Shea Sumlin: Dad, I went fishing with a fishing pole of mine.
Shea's brother: I just got done mowing…
Shea Sumlin: And I caught a turtle.
Shea's brother: And me and David were out riding our bikes and then went…
Shea Sumlin: Shut up. Shut up.
Shea's brother: This is a private golf course…
Shea Sumlin: Shut up! I'm talking!
Female: Let Shea talk first. Tell Daddy what you did at Granny's.
Shea Sumlin: I told you I picked the onions with Rich. I picked onions with Richie and I was… And my mom was there and she was there and I talked to her.
Shea's brother: Happy Father's Day.
Shea Sumlin: Happy Father's Day, Dad. Daddy, I love you. Daddy, I wish you could come to our house.
Shea's brother: …and stay there forever.
Shea Sumlin: Daddy, Mommy bought me some jogging shorts and a tank…
[End of video]
Good morning, Village Church, Dallas Campus. It's good to be with you. My name is Shea Sumlin, campus pastor up in Flower Mound. It's just great to be with you here. First of all, it's an honor to be with you guys, and to be in a room that has natural light is a win for me, versus the bear cave I'm in up in Flower Mound. So I'm glad to be here.
The video you just saw was a recording that my brothers and I made for my dad for Father's Day just a little bit over 34 years ago to wish him happy Father's Day. It was just a few months before that that my dad walked out on our family after having an affair with his secretary. So that was our first Father's Day without Dad, and it was a tape we were sending him. As you listen to that recording, what you hear is a little boy trying to wish his dad a happy Father's Day, but if you actually listen beyond that, what you hear is a little boy wondering why Daddy isn't there. Even to a young 3-year-old kid there was something that was abnormal that on a day like that, when we were celebrating dads, Dad wasn't there in the home.
For the past 34 years since that recording was made, I've still been working through many of the implications of what it means to grow up in a home without a father. As I've seen it in our generation around us, I've been contemplating the implications of generations of folks amongst us right now who are growing up in homes without a dad. What I've witnessed over that has shown me that an absent father in whatever form that may be, whether it's a father who's physically absent or emotionally disengaged, has certain deficits that leaves in a son or daughter's life growing up in that area.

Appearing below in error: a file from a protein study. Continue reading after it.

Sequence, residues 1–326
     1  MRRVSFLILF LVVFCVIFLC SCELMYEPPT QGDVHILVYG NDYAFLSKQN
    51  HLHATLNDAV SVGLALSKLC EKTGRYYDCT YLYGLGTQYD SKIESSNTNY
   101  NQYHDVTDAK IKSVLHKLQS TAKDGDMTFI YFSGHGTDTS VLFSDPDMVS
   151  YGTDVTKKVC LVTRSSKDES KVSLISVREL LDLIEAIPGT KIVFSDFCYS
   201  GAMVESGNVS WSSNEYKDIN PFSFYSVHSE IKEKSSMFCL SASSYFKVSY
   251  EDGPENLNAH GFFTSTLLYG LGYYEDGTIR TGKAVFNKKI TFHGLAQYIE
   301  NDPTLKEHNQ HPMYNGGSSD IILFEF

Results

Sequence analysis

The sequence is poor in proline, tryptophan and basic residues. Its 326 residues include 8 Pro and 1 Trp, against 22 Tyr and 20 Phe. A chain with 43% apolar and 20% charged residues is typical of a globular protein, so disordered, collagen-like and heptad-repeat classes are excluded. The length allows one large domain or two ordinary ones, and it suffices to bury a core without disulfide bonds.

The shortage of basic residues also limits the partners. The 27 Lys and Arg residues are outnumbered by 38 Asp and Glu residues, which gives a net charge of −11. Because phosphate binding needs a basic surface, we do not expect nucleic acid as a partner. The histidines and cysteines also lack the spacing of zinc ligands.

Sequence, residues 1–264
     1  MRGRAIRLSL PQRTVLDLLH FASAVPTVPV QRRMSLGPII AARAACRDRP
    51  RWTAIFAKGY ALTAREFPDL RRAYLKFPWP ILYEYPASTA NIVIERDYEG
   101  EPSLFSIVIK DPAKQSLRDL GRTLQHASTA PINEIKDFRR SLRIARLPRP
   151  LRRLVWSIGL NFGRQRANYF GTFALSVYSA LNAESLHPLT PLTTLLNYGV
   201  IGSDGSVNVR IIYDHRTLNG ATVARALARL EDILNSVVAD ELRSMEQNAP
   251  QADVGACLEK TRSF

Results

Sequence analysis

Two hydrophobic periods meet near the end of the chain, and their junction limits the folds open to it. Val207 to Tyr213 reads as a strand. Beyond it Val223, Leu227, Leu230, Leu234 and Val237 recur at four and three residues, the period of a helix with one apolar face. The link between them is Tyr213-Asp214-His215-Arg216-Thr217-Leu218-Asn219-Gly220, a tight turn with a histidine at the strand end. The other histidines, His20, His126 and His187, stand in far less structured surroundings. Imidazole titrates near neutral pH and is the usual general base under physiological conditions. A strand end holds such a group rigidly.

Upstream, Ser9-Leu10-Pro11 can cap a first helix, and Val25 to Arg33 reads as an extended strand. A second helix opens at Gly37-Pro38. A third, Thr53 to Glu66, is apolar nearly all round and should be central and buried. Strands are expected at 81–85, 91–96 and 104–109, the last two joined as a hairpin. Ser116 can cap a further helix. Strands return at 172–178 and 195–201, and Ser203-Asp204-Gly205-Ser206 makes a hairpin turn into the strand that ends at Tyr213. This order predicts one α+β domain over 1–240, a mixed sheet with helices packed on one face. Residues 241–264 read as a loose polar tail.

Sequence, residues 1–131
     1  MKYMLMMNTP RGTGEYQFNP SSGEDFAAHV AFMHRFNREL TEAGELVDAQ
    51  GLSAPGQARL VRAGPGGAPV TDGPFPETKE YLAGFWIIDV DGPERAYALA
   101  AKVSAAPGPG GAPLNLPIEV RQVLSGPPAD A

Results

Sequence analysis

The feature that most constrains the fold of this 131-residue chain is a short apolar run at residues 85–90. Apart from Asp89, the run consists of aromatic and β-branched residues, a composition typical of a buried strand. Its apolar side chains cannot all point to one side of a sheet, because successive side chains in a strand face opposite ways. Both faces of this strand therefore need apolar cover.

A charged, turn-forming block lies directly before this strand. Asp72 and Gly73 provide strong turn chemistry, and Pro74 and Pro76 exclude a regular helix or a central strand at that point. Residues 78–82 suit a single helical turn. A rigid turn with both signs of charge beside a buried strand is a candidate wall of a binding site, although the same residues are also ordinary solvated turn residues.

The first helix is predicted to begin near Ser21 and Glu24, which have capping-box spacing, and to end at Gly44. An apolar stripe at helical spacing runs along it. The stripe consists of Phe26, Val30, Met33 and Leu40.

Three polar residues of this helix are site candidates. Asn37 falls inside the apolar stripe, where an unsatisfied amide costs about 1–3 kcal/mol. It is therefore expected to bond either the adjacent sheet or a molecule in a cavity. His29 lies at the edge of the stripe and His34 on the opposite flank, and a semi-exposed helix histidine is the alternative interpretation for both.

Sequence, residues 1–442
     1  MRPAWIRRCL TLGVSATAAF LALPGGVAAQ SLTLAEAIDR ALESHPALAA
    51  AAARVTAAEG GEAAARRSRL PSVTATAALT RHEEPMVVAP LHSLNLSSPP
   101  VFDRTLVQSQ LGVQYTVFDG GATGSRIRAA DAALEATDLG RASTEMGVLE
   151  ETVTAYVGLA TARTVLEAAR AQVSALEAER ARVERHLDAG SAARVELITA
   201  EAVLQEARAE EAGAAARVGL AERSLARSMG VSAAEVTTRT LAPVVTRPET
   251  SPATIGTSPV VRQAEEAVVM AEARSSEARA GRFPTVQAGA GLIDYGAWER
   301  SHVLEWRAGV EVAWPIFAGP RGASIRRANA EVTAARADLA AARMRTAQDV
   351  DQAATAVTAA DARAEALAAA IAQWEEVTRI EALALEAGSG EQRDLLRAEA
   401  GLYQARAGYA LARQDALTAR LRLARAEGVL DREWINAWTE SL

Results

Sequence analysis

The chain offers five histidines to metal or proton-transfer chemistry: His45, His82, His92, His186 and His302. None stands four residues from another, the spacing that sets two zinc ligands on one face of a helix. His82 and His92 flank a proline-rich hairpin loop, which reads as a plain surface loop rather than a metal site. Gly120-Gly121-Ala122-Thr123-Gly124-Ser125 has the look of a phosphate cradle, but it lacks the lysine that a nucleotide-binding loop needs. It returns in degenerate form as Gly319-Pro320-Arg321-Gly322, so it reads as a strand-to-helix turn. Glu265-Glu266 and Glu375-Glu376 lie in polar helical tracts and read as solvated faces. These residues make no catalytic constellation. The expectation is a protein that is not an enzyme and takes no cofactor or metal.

Steve has asked me to come in here this morning and just share with you a little bit of what I've witnessed and what I believe the Scriptures speak to concerning what we're seeing in some of the fatherlessness in our country and in our churches, and hopefully try to reshape some of the trajectory of where we're seeing some of these trends go and begin to find healing and reshaping of the home in a way that God would get the most glory from it. So that's kind of the hope today.
Now if I was to play a little word-association game with you here this morning, and I was to ask you, "What's the first thing that comes to your mind when you hear the word Dad?" I'm curious how that would play out in this room. I would bet that chances are it is all across the spectrum. For some of you when you hear the word Dad, the first thing that comes to mind for you is just a flood of warm emotions, because when you think of your father, you think of a dad who was there for you, who was engaged, who poured into your life, who made the right kind of deposits, that you literally are who you are today because of the shaping God used your dad for in your life. So when you hear the word Dad, warm affections flow up for you. That's a sweet thing.
For some of you though, it's probably on the other end of that spectrum. For some of you when you hear the word Dad, painful wounds rise up. For some of you the word Dad is like a cussword. When you think of the absence of him, when you think of maybe the abuse you suffered, the alcoholism… Maybe your dad was a pervert. Maybe your dad just checked out on you when you were little. Whatever it may be, for some of you there are painful wounds and memories that come to mind and flood over you and hurt when you think of the word Dad.
For some of you though, maybe it's not either one extreme or the other. It's just probably right in the middle, and I imagine this is probably the majority. My dad was a good dad. He was there. He was present. He could have been better but he could have been worse. But I'm thankful for him. I'm glad. Wherever you are though on that spectrum, whatever associations come to mind right now with that term, I think the one thing we can all agree on is that to one degree or another dads are tremendously influential in their children's lives. For better or for worse, a dad has the ability to incredibly shape a young son or young daughter's life in the time we have here on this earth.
So wherever you're at in that, for the sake of our time today what I really want to do is begin showing you a little bit about where we've come from over the last probably 50 years. I spent 17 years on a college campus, most of that as a college pastor, and seeing the next generation of folks coming up the pike and seeing where they come from and the broken homes and the deficits and the wounds that are there was alarming to me.
I'm not sure if you're aware of it. In 1960, the number of homes that were missing a biological father was only 11 percent. Only 11 percent of all homes in the United States were missing a biological father. Today it is hovering around 47 percent. In 50 years we've gone from 11 percent to 47 percent of homes missing a biological father. If you get into the African American community, that's 70 percent of homes that are missing a biological father. So there is a whole new generation of folks among us who are growing up in homes that are vastly different than what they were just a half-century ago. With that absence there come wounds oftentimes.